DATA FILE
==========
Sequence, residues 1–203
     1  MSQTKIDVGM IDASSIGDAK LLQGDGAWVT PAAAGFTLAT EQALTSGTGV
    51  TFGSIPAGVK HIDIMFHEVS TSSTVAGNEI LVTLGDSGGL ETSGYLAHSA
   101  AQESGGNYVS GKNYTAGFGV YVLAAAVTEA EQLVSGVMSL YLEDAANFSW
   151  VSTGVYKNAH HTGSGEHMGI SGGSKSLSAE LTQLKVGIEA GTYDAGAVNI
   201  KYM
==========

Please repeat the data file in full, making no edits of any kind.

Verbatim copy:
Sequence, residues 1–203
     1  MSQTKIDVGM IDASSIGDAK LLQGDGAWVT PAAAGFTLAT EQALTSGTGV
    51  TFGSIPAGVK HIDIMFHEVS TSSTVAGNEI LVTLGDSGGL ETSGYLAHSA
   101  AQESGGNYVS GKNYTAGFGV YVLAAAVTEA EQLVSGVMSL YLEDAANFSW
   151  VSTGVYKNAH HTGSGEHMGI SGGSKSLSAE LTQLKVGIEA GTYDAGAVNI
   201  KYM